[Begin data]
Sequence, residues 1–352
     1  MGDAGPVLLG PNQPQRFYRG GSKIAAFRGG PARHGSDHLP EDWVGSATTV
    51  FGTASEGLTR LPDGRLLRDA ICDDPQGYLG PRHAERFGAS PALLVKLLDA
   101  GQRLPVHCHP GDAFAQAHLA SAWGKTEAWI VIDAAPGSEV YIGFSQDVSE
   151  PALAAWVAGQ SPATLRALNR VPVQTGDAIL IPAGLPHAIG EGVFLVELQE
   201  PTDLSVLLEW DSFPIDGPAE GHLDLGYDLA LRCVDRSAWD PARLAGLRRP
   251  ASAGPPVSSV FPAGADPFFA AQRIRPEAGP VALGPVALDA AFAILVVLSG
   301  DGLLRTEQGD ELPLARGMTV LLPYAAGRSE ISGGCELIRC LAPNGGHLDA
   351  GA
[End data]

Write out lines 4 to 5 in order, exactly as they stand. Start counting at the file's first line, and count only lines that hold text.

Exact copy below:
   101  GQRLPVHCHP GDAFAQAHLA SAWGKTEAWI VIDAAPGSEV YIGFSQDVSE
   151  PALAAWVAGQ SPATLRALNR VPVQTGDAIL IPAGLPHAIG EGVFLVELQE